The Old Testament references show that the washing of the feet was the first act on entering the tent or house after a journey. The Orientals wore only sandals, and this washing was refreshing as well as cleanly. In the case of ordinary people, the host furnished the water, and the guests washed their own feet, but in the richer houses, the washing was done by a slave. It was looked upon as the lowliest of all services.

Now what would it mean for a prostitute- you can imagine how she was thought of in the Biblical world, and if you can't read this- to use her own hair to do the above?  Imagine how this woman must have felt.  Did Jesus try to make her feel bad, yell at her for touching Him?, make an example of her?  No, he told a story to the religious superstars he was having dinner with:

"Two men owed money to a certain moneylender. One owed him 500 denarii, and the other 50.  Neither of them had the money to pay him back, so he canceled the debts of both. Now which of them will love him more?" [the host, Simon] replied, "I suppose the one who had the bigger debt canceled." "You have judged correctly," Jesus said.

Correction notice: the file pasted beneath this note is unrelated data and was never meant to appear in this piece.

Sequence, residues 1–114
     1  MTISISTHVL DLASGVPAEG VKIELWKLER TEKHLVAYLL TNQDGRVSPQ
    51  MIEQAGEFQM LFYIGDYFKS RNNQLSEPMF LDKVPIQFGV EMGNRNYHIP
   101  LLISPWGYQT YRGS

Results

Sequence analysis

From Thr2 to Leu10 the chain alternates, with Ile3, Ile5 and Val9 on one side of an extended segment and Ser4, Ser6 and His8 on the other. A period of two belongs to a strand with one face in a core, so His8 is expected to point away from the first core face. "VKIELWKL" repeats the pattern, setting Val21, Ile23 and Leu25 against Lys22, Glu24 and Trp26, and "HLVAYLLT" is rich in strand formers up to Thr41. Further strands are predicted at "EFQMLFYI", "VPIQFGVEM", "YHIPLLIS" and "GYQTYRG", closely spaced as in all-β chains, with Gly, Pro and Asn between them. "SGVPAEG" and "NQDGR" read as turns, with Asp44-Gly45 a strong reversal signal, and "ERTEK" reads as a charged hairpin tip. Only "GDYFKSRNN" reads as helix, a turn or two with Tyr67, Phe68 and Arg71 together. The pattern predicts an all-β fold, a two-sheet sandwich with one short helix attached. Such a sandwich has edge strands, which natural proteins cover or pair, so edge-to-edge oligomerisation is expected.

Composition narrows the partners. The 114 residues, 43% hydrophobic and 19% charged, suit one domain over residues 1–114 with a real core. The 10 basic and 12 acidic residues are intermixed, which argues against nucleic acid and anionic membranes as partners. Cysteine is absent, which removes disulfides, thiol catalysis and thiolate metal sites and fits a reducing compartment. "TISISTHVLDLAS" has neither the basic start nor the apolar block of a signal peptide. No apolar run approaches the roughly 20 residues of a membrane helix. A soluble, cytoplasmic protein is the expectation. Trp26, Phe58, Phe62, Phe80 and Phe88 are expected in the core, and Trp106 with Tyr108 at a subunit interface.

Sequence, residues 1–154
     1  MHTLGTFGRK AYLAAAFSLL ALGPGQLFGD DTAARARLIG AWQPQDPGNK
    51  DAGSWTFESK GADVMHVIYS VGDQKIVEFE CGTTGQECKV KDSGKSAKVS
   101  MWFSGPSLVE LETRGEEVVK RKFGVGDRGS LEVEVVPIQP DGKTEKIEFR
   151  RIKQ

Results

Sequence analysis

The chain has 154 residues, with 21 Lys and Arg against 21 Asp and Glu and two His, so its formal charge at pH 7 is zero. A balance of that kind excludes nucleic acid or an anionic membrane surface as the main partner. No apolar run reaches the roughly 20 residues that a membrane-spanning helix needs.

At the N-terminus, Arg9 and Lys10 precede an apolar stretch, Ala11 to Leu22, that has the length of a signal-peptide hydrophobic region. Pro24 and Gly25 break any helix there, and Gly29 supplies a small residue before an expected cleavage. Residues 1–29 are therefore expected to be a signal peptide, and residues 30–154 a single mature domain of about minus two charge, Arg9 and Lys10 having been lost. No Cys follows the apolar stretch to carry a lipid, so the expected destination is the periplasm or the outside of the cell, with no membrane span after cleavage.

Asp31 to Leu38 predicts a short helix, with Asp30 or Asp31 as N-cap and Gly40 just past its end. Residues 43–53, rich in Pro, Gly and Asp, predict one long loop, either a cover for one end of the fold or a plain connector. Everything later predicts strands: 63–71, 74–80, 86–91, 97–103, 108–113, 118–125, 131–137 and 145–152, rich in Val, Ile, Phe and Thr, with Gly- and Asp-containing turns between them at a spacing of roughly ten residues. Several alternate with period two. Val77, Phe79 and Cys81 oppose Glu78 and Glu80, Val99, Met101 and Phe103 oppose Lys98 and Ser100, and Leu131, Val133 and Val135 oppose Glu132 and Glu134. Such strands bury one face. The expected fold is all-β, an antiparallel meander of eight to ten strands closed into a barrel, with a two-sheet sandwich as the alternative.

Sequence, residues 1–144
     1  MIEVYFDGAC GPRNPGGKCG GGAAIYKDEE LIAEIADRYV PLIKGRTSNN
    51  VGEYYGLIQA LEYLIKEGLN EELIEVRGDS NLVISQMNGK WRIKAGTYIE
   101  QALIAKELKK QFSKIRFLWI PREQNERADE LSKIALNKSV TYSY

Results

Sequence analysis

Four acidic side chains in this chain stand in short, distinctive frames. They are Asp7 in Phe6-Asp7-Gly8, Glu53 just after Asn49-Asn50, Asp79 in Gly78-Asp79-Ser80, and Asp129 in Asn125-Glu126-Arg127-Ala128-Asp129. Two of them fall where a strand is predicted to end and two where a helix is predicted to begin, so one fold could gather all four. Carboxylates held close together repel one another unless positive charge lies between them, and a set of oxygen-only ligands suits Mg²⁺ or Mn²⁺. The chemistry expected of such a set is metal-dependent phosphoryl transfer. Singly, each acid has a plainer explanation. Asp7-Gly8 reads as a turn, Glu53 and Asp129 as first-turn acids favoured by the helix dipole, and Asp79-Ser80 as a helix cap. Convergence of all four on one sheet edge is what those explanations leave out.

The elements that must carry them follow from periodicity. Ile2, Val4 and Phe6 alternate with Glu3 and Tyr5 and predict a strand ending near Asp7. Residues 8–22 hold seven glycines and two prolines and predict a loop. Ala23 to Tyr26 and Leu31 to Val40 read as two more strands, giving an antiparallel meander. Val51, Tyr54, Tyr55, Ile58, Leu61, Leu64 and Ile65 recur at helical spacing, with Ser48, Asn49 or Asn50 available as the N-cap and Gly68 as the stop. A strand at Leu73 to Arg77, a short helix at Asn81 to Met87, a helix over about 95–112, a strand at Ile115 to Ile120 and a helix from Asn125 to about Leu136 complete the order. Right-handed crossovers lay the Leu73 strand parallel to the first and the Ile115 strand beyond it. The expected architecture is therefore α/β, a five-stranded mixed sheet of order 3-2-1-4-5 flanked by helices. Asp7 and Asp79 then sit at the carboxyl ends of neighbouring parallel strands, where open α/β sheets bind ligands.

Then he turned toward the woman and said to Simon, "Do you see this woman? I came into your house. You did not give me any water for my feet, but she wet my feet with her tears and wiped them with her hair.  You did not give me a kiss, but this woman, from the time I entered, has not stopped kissing my feet.  You did not put oil on my head, but she has poured perfume on my feet.  

Hmmm.  Sounds like He's encouraging what she did, not reminding her how she needs to be 'more than a fan' or that she needs to go 'all in'.  In fact, some people may be going 'all in' just speaking with us about Christian things.  But in order to know that we'd have to actually know them, live with them, be friends with them and love them.

Or you could just quote a single Bible verse on your voicemail and leave it at that.  And if they don't get converted by it, well that's their problem, isn't it?

Next time we'll look at this last sentence a little more.  Do we love these people- or hate them?